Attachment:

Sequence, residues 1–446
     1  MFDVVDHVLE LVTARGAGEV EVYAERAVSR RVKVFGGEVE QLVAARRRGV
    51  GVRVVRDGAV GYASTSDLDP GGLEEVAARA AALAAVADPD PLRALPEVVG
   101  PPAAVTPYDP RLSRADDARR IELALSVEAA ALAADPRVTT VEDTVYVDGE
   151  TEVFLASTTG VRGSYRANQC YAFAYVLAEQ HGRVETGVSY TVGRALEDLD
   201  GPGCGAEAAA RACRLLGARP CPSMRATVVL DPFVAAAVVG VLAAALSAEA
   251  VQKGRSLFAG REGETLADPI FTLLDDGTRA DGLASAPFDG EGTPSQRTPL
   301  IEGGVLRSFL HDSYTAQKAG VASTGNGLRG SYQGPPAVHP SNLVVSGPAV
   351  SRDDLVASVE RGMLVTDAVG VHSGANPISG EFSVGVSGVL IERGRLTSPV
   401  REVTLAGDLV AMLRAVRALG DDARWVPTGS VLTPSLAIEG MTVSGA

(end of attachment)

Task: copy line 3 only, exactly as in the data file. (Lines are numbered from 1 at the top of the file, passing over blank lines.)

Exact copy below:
    51  GVRVVRDGAV GYASTSDLDP GGLEEVAARA AALAAVADPD PLRALPEVVG